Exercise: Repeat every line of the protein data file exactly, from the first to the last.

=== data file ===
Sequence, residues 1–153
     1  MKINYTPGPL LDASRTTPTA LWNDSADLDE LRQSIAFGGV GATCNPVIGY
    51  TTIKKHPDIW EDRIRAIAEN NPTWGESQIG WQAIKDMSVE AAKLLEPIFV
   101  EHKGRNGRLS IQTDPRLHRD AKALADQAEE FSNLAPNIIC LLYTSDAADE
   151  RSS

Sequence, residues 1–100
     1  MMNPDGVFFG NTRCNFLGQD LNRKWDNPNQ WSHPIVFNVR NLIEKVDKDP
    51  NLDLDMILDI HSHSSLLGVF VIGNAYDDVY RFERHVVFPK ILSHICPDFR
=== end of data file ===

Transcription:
Sequence, residues 1–153
     1  MKINYTPGPL LDASRTTPTA LWNDSADLDE LRQSIAFGGV GATCNPVIGY
    51  TTIKKHPDIW EDRIRAIAEN NPTWGESQIG WQAIKDMSVE AAKLLEPIFV
   101  EHKGRNGRLS IQTDPRLHRD AKALADQAEE FSNLAPNIIC LLYTSDAADE
   151  RSS

Sequence, residues 1–100
     1  MMNPDGVFFG NTRCNFLGQD LNRKWDNPNQ WSHPIVFNVR NLIEKVDKDP
    51  NLDLDMILDI HSHSSLLGVF VIGNAYDDVY RFERHVVFPK ILSHICPDFR